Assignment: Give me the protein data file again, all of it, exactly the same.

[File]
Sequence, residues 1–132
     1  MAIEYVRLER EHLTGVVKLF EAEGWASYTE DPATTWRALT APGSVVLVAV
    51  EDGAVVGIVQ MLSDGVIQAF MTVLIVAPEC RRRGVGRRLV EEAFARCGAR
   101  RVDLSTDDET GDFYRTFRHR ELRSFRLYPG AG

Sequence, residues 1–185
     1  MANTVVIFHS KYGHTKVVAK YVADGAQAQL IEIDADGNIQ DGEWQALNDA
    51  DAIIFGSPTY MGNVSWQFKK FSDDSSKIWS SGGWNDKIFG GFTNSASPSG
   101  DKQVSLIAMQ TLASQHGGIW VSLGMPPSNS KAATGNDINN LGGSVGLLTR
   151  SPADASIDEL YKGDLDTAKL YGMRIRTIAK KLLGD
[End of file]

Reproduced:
Sequence, residues 1–132
     1  MAIEYVRLER EHLTGVVKLF EAEGWASYTE DPATTWRALT APGSVVLVAV
    51  EDGAVVGIVQ MLSDGVIQAF MTVLIVAPEC RRRGVGRRLV EEAFARCGAR
   101  RVDLSTDDET GDFYRTFRHR ELRSFRLYPG AG

Sequence, residues 1–185
     1  MANTVVIFHS KYGHTKVVAK YVADGAQAQL IEIDADGNIQ DGEWQALNDA
    51  DAIIFGSPTY MGNVSWQFKK FSDDSSKIWS SGGWNDKIFG GFTNSASPSG
   101  DKQVSLIAMQ TLASQHGGIW VSLGMPPSNS KAATGNDINN LGGSVGLLTR
   151  SPADASIDEL YKGDLDTAKL YGMRIRTIAK KLLGD